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professor with tenure there. That’s always what I wanted to do.” But that no longer fit his wakeboard-centric life. Fooshee reiterated, “I moved to go to school at Texas State because of this place (TSR), because Texas State’s only 10-15 minutes up the road.” As Fooshee had hoped, the transition to Texas State allowed him to commit even more time to being on the water, and he was able to take his wakeboarding up another notch. “Once I moved and got accepted into Texas State, I was just riding so much that going from amateur to pro happened like that,” Fooshee explained, snapping his fingers. “I kept getting better out here on the cable and on the boat out here and would just come ride before and after work.” All that riding was made even more feasible since by this point Fooshee was not only one of TSR’s most skilled and avid riders, but also an employee. Fooshee described those days when TSR had indeed become his home-away-from-home, “I started running the cable out here. I worked downstairs in the board shop, sold rental passes. I’ve worked at this place forever throughout my

college career. I took care of business with schoolwork and would come out here, and I just rode and advanced my abilities, coming out here just non-stop.” Fooshee reminisced, “When you’re 18 years old, it’s a great way to use your energy. There’s no stopping. You don’t have to wait for someone else’s turn. You can be greedy out there.”

Ride, Ride, and Ride Some More And now, all these years later, the professional Fooshee still rides almost non-stop. Fooshee boiled it down, “I just really try to stay motivated and ride as much as possible.” Riding as much as possible often includes at least three different wakeboard sessions on a given day. First thing in the morning is a winch session. Fooshee described winch as being “more like street skateboarding,” involving the wakeboarder being pulled up and towed by the stationary version of the motor and spool apparatus commonly found on the front of jeeps and ranch trucks. “Obviously you can’t take a boat to a narrow river or a creek. So you can show up with a winch to any body of water and make something out of it. It makes for great photos and great videos.” The real downside to the winch is that it doesn’t provide Fooshee with enough time on the water. So, winch rides are, for him, reserved only for the great light of the early morning hours. Then it’s on to more quality time on the water. Almost every afternoon/evening entails a set on the cable. Fooshee surmised that a typical cable session is “a pretty consistent, solid two hours of riding. I’m out here for three hours and between the falls when working on new stuff and walking back, that will cut it down about an hour. But I would say it’s a solid two hours of actually being on the water.” Again, Fooshee hailed the glories of the cable, “as far as this stuff goes, it’s just gettin’ after it.” In between the winch in the morning and the cable in the evening there’s often a 30-45 minute session behind the boat as well. “I try to catch a boat set during the middle of the day, two to three times a week, but definitely cable in the evening and winch in the early morning.”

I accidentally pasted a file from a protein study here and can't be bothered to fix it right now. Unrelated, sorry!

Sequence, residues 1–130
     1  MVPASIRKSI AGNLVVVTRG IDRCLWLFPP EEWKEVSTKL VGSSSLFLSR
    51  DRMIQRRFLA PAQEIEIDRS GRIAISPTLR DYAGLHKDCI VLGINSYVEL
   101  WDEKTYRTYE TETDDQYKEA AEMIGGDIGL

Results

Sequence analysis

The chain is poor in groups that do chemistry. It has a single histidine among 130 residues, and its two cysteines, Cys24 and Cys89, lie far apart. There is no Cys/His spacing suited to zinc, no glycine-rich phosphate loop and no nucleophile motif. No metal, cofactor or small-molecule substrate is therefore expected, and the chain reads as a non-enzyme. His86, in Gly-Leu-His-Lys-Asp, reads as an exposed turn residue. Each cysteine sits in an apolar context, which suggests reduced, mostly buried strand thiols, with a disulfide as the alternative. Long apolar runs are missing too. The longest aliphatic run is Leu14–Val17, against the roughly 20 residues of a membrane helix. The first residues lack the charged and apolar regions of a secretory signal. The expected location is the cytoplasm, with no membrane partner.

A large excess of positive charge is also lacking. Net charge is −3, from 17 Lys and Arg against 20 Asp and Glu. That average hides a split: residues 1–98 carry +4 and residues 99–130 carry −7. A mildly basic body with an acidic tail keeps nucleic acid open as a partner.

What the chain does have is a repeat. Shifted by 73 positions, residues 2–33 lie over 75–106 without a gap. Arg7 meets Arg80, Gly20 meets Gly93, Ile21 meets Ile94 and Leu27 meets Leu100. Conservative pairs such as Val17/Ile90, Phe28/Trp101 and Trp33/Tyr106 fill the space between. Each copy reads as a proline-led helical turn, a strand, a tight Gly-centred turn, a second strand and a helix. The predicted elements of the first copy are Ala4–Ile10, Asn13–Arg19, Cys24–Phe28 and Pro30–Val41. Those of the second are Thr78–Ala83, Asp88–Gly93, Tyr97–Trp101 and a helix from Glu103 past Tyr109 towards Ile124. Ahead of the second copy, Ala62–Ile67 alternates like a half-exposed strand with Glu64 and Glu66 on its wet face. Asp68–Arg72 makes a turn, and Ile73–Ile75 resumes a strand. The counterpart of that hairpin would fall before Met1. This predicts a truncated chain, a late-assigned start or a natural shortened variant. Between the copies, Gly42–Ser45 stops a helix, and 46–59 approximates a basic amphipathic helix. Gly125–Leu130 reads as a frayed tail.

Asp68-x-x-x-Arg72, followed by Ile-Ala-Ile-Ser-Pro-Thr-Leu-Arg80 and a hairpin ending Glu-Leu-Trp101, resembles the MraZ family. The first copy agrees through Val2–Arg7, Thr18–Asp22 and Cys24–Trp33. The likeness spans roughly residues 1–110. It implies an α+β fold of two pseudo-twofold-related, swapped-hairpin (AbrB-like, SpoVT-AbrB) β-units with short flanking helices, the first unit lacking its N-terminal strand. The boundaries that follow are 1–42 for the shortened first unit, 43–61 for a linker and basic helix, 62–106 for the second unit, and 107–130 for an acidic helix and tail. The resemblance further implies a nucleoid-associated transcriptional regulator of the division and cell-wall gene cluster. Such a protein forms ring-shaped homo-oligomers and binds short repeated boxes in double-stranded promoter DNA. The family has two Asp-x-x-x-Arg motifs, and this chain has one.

“I just really try to stay motivated and ride as much as possible.”

The cable system allows Fooshee's skill to take 'air' to a whole new level. Photo by Brian Fitzsimmons


June 2012 - The Outside Issue  

The Outside Issue with #1 Cable Wakeboarder, Tom Fooshee, as the cover feature.